Educational technology is about much more than just technology.  In a way, technology is the easy part.  It’s easy for me to show you how to use a flip camera to capture video or a digital microscope to find Abraham Lincoln on a penny.  It’s easy for me to post a link to a wonderful interactive website.  And while all these things may be cool, most teachers want more than just cool.  They want to know that the time and energy it is going to take them to set up microscopes or plug in projectors or to have them or their students create videos will have some positive influence on their students and their learning.  That’s the hard part: helping teachers figure out how to use these technologies in powerful ways in their classrooms.  So, while I may like to explore new technologies myself, my focus with others is on the educational part.  How/why/when to use those computers and gadgets and websites to improve teaching and learning.  This might seem like an elementary idea, but I still go to lots of “educational technology” presentations at conferences where the heavy emphasis is on the technology rather than the education.

Here’s what else I know:

I have a deeply held bias. I believe that technology offers ways to improve teaching and learning.  Even if it’s only because it engages the kids in ways that textbooks and lectures and worksheets do not.  And, most of the educators I talk to seem to share this two-part belief with me.  Part one: technology engages kids.  Part two: engaged kids are better learners.  But they also share a concern about doing it the right way.  They don’t want to just use technology for technology’s sake.  And, I find myself working with them in very practical ways.  Have you thought about using a smartboard to let your kids interact with a sentence?  Do you know that you can put a video in a powerpoint presentation to show to your kids?  Have you accessed the data from the student response system to better differentiate instruction? Have you considered having your students create a digital video or multimedia presentation as an alternative assessment?

I also use this practical approach when I work with technology coaches and school administrators in helping them to encourage technology use.  I’ve created a presentation called Strategies for the Non-Choir.  It draws from Rogers’ work in diffusions of innovations as well as Mishra and Koehler’s Technological Pedagogical Content Knowledge (TPACK) model to provide coaches with ideas for how to approach the early and late majority adopters who, according to Rogers, make up some 68% of the population.  I talk to the coaches about the need to consider the relative advantage of a technology as well as how compatible it is with what the strategies already used by a teacher.  In addition, as part of the workshop, we play the TPACK game where we match technologies, pedagogies, and content areas to come up with ideas for using technology in the classroom.

So, I am very much a pragmatist, trying to work with teachers where I find them, helping them use technologies in ways that support what they are doing in their classrooms.  This is a viewpoint that is often in direct opposition to the visionaries in the educational technology blogosphere.  They tend to be progressives who are looking past the current times to a different world where powerful technologies support student-centered, constructivist learning.  One of my favorites, Tim over at Assorted Stuff, summarizes the viewpoint quite nicely, I think:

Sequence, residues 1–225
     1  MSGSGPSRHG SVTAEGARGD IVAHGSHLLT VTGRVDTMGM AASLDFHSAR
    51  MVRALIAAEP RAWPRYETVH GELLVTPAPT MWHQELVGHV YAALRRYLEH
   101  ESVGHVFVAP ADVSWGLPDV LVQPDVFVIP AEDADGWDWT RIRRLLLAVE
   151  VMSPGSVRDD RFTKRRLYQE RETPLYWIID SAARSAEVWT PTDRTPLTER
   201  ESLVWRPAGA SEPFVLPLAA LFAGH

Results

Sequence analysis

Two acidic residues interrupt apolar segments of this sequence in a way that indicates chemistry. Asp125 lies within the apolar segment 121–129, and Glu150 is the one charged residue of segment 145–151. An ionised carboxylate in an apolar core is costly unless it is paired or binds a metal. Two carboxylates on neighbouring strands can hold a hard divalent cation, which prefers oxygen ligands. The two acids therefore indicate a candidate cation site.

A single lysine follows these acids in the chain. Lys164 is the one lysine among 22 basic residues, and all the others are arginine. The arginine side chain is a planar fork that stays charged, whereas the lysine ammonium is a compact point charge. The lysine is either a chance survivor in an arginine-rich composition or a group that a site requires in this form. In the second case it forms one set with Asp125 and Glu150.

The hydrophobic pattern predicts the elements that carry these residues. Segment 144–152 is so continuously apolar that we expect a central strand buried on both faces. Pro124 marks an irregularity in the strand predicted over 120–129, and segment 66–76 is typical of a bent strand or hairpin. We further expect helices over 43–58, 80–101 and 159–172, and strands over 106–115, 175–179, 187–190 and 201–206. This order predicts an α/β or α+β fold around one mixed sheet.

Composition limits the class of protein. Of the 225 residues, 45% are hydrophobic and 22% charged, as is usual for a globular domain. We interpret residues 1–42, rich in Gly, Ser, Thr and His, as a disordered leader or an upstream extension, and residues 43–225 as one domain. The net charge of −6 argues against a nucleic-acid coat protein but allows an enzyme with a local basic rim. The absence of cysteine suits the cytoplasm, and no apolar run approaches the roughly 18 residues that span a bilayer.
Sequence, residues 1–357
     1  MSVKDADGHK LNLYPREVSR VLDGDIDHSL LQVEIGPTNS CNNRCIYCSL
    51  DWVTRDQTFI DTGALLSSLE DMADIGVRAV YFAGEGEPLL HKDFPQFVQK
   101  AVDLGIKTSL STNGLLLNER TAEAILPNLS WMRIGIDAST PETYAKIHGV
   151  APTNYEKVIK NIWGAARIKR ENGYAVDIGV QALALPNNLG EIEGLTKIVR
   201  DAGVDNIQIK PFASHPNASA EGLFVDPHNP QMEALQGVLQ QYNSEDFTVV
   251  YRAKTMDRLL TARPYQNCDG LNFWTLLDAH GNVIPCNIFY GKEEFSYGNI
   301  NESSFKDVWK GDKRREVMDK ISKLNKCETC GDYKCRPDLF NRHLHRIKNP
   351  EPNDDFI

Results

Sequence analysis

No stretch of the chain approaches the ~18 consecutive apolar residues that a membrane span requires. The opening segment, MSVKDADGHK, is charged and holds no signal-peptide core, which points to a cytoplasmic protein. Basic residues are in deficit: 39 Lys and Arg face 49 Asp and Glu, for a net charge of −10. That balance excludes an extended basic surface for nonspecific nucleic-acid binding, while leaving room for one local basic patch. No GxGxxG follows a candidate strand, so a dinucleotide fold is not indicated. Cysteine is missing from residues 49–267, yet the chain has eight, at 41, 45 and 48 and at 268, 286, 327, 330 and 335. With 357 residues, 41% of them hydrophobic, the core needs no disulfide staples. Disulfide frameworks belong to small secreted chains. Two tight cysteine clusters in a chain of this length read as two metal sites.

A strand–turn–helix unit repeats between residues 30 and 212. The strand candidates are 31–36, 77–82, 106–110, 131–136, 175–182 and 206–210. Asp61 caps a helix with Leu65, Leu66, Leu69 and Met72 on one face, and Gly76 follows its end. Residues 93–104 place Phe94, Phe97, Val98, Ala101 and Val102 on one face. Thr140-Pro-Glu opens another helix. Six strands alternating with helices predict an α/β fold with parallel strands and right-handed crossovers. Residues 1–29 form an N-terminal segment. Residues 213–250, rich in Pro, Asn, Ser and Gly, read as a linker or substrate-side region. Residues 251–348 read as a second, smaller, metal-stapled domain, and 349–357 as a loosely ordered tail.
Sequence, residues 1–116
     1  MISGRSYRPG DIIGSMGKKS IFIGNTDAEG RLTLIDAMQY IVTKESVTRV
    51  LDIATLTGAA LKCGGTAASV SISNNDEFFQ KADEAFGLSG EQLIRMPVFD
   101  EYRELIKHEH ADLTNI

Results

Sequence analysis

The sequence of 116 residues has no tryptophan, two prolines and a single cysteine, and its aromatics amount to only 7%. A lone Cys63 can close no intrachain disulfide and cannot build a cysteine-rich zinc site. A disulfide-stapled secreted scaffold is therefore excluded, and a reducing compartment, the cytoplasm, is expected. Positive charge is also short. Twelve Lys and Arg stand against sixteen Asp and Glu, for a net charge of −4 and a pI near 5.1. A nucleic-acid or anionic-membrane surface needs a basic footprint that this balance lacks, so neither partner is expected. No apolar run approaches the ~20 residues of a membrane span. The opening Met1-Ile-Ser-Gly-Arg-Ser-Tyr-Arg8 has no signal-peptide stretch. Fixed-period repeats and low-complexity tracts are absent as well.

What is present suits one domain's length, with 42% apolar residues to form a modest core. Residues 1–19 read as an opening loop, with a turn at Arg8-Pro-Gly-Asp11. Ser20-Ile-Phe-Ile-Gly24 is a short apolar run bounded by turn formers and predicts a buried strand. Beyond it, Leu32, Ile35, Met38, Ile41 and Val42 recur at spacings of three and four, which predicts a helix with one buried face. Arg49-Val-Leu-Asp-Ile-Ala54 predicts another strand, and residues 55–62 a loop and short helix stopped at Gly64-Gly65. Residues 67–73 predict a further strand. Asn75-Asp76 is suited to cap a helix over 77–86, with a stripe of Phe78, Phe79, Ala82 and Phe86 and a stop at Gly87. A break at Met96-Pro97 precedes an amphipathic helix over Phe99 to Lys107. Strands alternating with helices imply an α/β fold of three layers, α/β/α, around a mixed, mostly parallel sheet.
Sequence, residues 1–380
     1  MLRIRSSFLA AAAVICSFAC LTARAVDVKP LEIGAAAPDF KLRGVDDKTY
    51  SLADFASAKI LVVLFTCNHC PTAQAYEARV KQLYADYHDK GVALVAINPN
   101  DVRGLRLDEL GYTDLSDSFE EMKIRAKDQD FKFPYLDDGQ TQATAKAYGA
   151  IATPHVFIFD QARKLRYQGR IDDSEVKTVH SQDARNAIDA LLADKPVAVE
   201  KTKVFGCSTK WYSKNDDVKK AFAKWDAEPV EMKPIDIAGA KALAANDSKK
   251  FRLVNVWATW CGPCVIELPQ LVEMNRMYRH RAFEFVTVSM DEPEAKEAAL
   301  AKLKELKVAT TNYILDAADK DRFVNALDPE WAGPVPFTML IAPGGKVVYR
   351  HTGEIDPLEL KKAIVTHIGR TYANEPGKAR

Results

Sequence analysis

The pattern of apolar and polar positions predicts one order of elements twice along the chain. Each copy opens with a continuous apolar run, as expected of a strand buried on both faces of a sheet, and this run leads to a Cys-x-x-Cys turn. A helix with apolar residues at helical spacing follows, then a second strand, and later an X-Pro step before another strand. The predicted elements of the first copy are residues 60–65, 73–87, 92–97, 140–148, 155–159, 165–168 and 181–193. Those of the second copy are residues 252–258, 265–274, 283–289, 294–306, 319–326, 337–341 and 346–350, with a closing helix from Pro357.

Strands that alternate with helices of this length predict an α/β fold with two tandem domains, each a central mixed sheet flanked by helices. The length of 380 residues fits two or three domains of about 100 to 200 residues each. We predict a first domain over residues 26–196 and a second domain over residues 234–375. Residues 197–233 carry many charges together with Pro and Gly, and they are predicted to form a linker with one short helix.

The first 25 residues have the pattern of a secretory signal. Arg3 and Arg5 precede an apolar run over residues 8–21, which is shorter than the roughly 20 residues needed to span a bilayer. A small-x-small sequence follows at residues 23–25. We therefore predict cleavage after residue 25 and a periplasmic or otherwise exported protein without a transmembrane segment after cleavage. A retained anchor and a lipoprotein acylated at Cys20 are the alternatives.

The powerful tools we now have available make it possible to go way beyond simple reinforcing what we’re already doing. They provide communications links that enable teachers and students to connect with and learn from the world.

If all we do with the computers and networks put in our schools over the past decade is multiply the status quo, then we’ve wasted a lot of money, time and effort.

I know much of the crap I write is very idealistic, maybe even unrealistic. But while we are making small incremental changes, it would be nice to keep a vision of what education could and should be in the viewfinders.

I don’t disagree with Tim.  And I admire his idealism. I am also always inspired by Sheryl Nussbaum Beach. One of Sheryl’s most recent posts over at 21st Century Learning gives some great examples of how are kids are learning to learn on their own, and she calls to us to roll up our sleeves and get to work on creating a learning environment for them.  I try to keep her vision in my mind and for awhile I move into that progressive world.

But then I go to a school or talk to a teacher and hear about the sorts of barriers–time, access, not to mention high-stakes testing–that they face and how excited they get when someone gives them an interactive whiteboard or even just a projector and the pragmatist returns.   To borrow a phrase from Tyack and Cuban, we are “tinkering toward utopia.”  I think I’m more the tinkerer, standing with a wrench in my hand, rather than the utopian, envisioning the future.

Does the Chalkboard Still Have a Role to Play?

As part of a course I am taking this semester, I’m exploring the Horizon Project, mostly focusing on their process for coming up with their technologies.  I’ve been having lots of fun exploring the wiki, checking out some of the examples they provide for each of their technologies.  One example of collaboration webs–a technology that will be mainstream in a year or less–is a very cool use of Pageflakes by the Writing Program at the University of Southern California.  It’s an interesting mix of old and new.  The content is old: the “topoi” are lenses for viewing an issue and they originated with Aristotle.  The pageflakes site is very new and incorporates video, RSS, text and images.  It would be a useful site for beginning writers outside USC.

I watched the classroom discussion video related to the topoi and laughed out loud as the camera panned outward:

Pageflakes - Mark's The Topoi Flakes
Uploaded with plasq‘s Skitch!